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Which Trailer Hitch Should I Use?

trailer hitch
Finding the right trailer hitch will require you to do a little bit of homework and take some measurements that will take the guesswork out of getting a hitch.

Which trailer hitch you should use depends on a few different things. The towing capabilities of your vehicle, the weight of your trailer, and the weight of the load you’re putting on your trailer.

How to choose the right trailer hitch

The first thing you need to know before you pick out a trailer hitch is your vehicle’s towing capacity. You can usually find this, along with some tips for towing, in your car or truck’s owner’s manual. If you don’t have your owner’s manual, you can usually download it for free online from the manufacturer. You should also check the compliance certification label on the inside of the driver’s side doorframe. This number will be that heaviest load that you’ll be able to tow safely without risking damage to your vehicle’s engine, transmission, rear axle, brakes, frame, or wheel bearings. Your car or truck can’t tow a load larger than this number. So, you just need to use your vehicle’s towing capacity to decide what’s the heaviest-duty hitch you can get.

Second, you need to know the weight and weight capacity of your trailer. The key number to know for getting a hitch is your trailer’s Gross Vehicle Weight Rating (GVWR). This is the maximum weight of the trailer when it’s (safely) fully-loaded. It’s usually found stamped on the VIN placard on the tongue of your trailer. Once you know how much your trailer will weigh when it’s maxed out, you know how heavy your hitch will need to be. Use this number to help you know what the lightest hitch you can get is.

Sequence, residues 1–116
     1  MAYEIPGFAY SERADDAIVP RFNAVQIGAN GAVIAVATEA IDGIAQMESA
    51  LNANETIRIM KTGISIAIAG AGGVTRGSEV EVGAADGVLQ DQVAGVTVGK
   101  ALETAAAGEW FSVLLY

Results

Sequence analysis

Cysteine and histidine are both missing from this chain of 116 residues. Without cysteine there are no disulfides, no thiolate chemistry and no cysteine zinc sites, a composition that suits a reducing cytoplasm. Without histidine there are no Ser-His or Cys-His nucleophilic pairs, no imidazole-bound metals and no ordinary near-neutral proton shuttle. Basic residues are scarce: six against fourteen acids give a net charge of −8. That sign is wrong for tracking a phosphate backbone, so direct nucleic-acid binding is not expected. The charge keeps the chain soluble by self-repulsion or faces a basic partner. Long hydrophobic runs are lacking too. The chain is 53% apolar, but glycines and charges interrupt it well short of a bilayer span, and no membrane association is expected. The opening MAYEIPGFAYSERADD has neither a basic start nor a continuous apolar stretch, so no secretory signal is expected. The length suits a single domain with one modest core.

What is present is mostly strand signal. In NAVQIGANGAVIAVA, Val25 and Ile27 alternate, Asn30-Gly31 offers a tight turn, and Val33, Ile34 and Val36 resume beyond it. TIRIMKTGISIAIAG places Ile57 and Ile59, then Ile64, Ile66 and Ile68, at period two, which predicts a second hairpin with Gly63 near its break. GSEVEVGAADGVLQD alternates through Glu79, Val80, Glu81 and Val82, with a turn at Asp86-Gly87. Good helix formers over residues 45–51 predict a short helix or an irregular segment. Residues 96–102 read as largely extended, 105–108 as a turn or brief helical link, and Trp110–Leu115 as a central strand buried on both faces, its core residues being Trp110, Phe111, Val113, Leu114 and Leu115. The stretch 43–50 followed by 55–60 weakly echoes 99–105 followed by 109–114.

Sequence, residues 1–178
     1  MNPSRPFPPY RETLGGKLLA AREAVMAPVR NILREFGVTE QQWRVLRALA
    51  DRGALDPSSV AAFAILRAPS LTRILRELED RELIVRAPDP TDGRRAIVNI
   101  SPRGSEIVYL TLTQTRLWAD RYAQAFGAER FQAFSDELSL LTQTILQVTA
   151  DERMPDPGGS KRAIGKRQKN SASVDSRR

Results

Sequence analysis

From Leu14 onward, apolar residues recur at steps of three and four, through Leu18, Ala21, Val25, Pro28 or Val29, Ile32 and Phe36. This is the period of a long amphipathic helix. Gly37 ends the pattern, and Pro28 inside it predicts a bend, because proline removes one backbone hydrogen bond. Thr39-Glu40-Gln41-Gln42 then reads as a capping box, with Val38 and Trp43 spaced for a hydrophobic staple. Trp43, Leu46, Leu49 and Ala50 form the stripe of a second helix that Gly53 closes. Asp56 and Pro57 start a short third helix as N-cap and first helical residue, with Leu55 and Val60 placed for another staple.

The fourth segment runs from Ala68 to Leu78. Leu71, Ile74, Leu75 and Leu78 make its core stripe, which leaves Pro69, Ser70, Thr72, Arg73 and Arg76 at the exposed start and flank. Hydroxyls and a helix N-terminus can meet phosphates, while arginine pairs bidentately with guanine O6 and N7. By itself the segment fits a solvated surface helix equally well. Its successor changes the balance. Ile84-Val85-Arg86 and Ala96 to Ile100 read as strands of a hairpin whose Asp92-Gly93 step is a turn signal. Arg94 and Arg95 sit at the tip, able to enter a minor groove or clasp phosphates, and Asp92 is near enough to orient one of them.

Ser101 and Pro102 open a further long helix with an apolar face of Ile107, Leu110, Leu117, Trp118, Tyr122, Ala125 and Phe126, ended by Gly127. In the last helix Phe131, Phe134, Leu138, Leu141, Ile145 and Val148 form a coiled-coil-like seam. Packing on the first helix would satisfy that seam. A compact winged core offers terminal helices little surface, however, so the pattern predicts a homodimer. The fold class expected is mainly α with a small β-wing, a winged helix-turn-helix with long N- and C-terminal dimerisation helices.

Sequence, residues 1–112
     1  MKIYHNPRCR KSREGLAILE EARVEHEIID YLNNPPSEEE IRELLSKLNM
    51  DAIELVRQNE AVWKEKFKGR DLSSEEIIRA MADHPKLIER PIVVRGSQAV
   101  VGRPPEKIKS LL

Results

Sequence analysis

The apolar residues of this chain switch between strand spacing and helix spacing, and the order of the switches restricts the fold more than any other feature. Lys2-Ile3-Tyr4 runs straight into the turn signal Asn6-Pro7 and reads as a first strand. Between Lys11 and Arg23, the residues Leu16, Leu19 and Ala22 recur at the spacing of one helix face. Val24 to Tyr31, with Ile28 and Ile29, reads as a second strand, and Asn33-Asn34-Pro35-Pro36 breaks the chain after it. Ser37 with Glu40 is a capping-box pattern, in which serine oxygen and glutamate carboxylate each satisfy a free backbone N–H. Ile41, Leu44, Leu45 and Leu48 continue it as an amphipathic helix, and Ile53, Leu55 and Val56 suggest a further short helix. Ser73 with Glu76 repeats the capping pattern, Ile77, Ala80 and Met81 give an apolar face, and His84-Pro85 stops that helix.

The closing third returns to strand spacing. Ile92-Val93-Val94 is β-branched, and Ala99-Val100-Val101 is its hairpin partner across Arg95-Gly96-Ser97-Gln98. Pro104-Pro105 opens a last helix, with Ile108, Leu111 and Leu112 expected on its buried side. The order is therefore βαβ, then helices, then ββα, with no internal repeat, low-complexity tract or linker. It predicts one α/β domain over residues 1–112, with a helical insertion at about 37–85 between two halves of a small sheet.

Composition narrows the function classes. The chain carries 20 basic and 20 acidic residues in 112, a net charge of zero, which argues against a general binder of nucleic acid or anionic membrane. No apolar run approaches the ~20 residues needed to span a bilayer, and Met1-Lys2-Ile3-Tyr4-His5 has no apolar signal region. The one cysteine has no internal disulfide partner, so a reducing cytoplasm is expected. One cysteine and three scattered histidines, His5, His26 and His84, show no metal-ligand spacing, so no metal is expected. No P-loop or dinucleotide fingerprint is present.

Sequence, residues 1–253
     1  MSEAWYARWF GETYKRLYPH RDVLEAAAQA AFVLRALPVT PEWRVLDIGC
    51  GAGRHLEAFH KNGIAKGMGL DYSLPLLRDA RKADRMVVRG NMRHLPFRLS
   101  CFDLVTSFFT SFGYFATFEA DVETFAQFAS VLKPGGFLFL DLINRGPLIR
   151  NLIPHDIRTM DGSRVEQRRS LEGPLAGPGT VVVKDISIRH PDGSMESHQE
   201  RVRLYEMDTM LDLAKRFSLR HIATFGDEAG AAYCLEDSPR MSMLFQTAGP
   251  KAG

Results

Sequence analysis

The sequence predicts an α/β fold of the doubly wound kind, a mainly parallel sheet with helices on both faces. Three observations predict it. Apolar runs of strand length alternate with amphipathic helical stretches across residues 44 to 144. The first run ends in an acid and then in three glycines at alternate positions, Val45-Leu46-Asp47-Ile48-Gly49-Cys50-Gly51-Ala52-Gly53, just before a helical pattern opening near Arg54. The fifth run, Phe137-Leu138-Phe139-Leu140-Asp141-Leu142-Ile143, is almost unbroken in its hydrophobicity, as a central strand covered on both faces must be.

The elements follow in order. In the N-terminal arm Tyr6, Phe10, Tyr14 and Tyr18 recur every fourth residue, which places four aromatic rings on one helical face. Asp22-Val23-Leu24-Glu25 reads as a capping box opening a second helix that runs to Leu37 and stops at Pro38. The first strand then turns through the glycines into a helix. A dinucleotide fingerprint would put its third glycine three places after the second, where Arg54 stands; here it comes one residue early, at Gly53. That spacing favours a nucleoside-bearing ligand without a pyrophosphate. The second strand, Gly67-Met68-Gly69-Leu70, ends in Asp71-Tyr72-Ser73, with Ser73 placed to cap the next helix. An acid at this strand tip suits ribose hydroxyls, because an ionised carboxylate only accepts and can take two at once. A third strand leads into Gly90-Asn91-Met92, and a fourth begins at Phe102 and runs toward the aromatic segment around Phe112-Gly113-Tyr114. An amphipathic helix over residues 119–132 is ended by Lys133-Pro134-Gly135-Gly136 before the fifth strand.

Now that you have your car or truck’s towing capacity and your trailer’s gross vehicle weight rating, you know the range of weights that you’ll need your hitch to be able to bear.

The next thing is, when you start looking at trailer hitches, you’ll notice that they have a “tongue weight” rating. You should pick one that has a tongue weight that is at least ten percent of your vehicle’s towing capacity. So, if your vehicle has a 2,000 pound towing capacity, you want a hitch with a tongue weight of at least 200 pounds.

Another rating you’ll see on hitches is “weight capacity.” This is the weight of the heaviest load the hitch can bear. So, a trailer hitch with a weight capacity (WC) of 2,000 pounds can tow a loaded trailer that weighs 2,000 pounds.

The last thing you need to know when you pick out a trailer hitch is that there is no such thing as overkill. This makes getting the right hitch simple. Buy the hitch with the weight capacity that is closest to the towing capacity of your car or truck. You may only be towing a small boat trailer now, but that could change—you may bet a bigger boat, or even a camper in the future.

There is a special exception if you only plan on using your hitch for a bike rack. Check the width of the shaft on the rack. Most hitch-mounted bike racks have a 1 1/4″ shaft. Choose a hitch with a receiver tube size that matches your rack’s shaft size.


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